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Public protection and conduct

Assessing risk and taking steps to minimise it is something that social workers do every day. It can be a complex and difficult task. Social workers need to weigh up a wide range of factors before deciding on a course of action that is both proportionate and ensures the safety of service users and those around them.

Protecting the public from harm is also at the centre of what we do as social work regulator, and risk assessment is a daily activity for our investigations staff too.

We currently receive around 83 complaints each week relating to conduct and registration matters, and risk assess all information within 24 hours, using our Risk Assessment Framework. Where cases are classed as high risk (those that have resulted in harm or risk of harm to people who use services or the public), we apply for an Interim Suspension Order to take the social worker out of the workforce whilst we investigate. Sometimes the case will be closed following further investigation, but we have to make an assessment based on what we know at the time of the allegation coming into us: does this case pose risks to public safety? If the answer is yes, we must take action to address this.

"Protecting the public from harm is also at the centre of what we do as social work regulator "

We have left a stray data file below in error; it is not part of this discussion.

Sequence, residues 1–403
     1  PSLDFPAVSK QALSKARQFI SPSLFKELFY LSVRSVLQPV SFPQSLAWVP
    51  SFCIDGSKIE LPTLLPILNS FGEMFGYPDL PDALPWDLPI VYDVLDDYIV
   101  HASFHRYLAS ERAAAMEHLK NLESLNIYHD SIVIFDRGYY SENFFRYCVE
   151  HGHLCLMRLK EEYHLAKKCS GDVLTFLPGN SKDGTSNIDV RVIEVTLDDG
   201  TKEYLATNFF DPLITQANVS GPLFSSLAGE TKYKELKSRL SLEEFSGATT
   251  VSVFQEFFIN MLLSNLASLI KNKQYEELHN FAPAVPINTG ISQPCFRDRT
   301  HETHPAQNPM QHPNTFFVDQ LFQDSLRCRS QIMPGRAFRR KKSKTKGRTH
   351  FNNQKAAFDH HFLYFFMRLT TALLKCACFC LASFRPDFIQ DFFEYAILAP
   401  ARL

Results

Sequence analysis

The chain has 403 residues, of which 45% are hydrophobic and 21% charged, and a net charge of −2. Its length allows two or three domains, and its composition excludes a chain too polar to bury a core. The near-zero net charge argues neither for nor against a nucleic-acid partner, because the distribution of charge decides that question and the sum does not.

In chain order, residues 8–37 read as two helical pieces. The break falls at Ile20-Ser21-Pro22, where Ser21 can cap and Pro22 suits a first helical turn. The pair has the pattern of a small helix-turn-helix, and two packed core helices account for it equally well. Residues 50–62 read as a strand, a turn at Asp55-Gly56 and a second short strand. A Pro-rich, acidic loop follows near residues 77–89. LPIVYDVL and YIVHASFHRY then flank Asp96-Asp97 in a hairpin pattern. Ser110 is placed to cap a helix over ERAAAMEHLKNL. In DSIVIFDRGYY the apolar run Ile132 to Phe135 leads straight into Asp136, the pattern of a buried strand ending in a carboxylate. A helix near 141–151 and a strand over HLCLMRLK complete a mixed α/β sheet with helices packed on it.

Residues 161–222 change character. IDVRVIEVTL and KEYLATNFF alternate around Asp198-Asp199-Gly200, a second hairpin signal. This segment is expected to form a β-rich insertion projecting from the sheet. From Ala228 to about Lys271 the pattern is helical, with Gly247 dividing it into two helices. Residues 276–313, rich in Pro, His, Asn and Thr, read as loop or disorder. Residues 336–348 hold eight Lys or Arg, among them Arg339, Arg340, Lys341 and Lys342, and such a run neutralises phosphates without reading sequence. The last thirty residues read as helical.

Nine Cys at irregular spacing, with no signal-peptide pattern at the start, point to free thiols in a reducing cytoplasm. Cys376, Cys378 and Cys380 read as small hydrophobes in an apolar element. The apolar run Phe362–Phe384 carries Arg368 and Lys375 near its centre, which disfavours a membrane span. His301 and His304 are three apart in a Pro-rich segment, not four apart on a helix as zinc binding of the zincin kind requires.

The decision to suspend the social worker on an interim basis is taken by an independent committee. It is important that these decisions are taken by people independent of the GSCC, given the implications for the social worker and, crucially, for public protection. To ensure impartiality, the majority of panel members are not from a social care background, but there will always be one member who is from the profession.

Protection of the public is our number one priority and, although we balance this with fairness to the social worker, where we identify a potential risk to the public we must take immediate action to apply for suspensions. Like social workers, we have a duty to put people who use services first.

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Support and assistance to independance of vulnerable people has historically been the remit of social workers. Increasingly the term public protection is utilised within social work practice and to justify interventions and scrutiny of both service users and professionals, suggesting a move towards a more enforcement based approach and away from traditional social work values. Increasingly Social Work seems to be scrutinised from a perspective more consistent with the politics of fear than it does an approach which considers how people can be supported and understood. This public protection era is more of a tragedy to social work than it is a blessing, it justifies a myriad of big brother tactics, on service users and staff on the basis that something might go wrong and is often based on very flimsy (if any) evidence. The ethical implications of such far reaching tactics should be given more thought and consideration. The words self fulfilling prophecy come to mind, how sad.

Paula Donohoe
12 Mar 2010

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